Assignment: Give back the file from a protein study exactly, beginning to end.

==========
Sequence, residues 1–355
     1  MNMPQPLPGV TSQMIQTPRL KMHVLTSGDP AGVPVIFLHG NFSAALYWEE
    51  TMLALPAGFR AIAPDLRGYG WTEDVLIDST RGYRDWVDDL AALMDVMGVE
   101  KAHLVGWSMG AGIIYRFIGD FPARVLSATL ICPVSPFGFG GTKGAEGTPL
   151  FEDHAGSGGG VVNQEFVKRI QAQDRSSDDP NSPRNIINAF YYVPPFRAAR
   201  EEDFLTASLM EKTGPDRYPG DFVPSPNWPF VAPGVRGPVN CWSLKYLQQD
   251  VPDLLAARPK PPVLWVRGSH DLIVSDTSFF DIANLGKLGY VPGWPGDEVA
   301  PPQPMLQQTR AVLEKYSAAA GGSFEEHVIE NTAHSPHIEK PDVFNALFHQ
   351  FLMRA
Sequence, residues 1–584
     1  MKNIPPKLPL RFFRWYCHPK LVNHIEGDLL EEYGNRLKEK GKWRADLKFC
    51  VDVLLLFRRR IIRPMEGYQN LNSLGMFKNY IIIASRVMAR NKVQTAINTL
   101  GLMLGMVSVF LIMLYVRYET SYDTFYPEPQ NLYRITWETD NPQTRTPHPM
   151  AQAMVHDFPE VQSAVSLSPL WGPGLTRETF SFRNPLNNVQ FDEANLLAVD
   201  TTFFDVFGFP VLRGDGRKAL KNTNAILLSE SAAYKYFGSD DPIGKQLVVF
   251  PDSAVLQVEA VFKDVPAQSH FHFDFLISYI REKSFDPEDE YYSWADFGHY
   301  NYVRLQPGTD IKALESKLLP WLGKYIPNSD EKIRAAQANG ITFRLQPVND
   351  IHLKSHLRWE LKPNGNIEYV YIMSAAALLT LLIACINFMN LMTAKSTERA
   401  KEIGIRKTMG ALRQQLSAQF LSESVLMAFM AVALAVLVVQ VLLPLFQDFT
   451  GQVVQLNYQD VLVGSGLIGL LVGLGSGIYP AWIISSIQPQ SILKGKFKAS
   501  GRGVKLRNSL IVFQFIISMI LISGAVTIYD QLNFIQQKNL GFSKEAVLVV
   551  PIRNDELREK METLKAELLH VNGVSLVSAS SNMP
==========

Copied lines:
Sequence, residues 1–355
     1  MNMPQPLPGV TSQMIQTPRL KMHVLTSGDP AGVPVIFLHG NFSAALYWEE
    51  TMLALPAGFR AIAPDLRGYG WTEDVLIDST RGYRDWVDDL AALMDVMGVE
   101  KAHLVGWSMG AGIIYRFIGD FPARVLSATL ICPVSPFGFG GTKGAEGTPL
   151  FEDHAGSGGG VVNQEFVKRI QAQDRSSDDP NSPRNIINAF YYVPPFRAAR
   201  EEDFLTASLM EKTGPDRYPG DFVPSPNWPF VAPGVRGPVN CWSLKYLQQD
   251  VPDLLAARPK PPVLWVRGSH DLIVSDTSFF DIANLGKLGY VPGWPGDEVA
   301  PPQPMLQQTR AVLEKYSAAA GGSFEEHVIE NTAHSPHIEK PDVFNALFHQ
   351  FLMRA
Sequence, residues 1–584
     1  MKNIPPKLPL RFFRWYCHPK LVNHIEGDLL EEYGNRLKEK GKWRADLKFC
    51  VDVLLLFRRR IIRPMEGYQN LNSLGMFKNY IIIASRVMAR NKVQTAINTL
   101  GLMLGMVSVF LIMLYVRYET SYDTFYPEPQ NLYRITWETD NPQTRTPHPM
   151  AQAMVHDFPE VQSAVSLSPL WGPGLTRETF SFRNPLNNVQ FDEANLLAVD
   201  TTFFDVFGFP VLRGDGRKAL KNTNAILLSE SAAYKYFGSD DPIGKQLVVF
   251  PDSAVLQVEA VFKDVPAQSH FHFDFLISYI REKSFDPEDE YYSWADFGHY
   301  NYVRLQPGTD IKALESKLLP WLGKYIPNSD EKIRAAQANG ITFRLQPVND
   351  IHLKSHLRWE LKPNGNIEYV YIMSAAALLT LLIACINFMN LMTAKSTERA
   401  KEIGIRKTMG ALRQQLSAQF LSESVLMAFM AVALAVLVVQ VLLPLFQDFT
   451  GQVVQLNYQD VLVGSGLIGL LVGLGSGIYP AWIISSIQPQ SILKGKFKAS
   501  GRGVKLRNSL IVFQFIISMI LISGAVTIYD QLNFIQQKNL GFSKEAVLVV
   551  PIRNDELREK METLKAELLH VNGVSLVSAS SNMP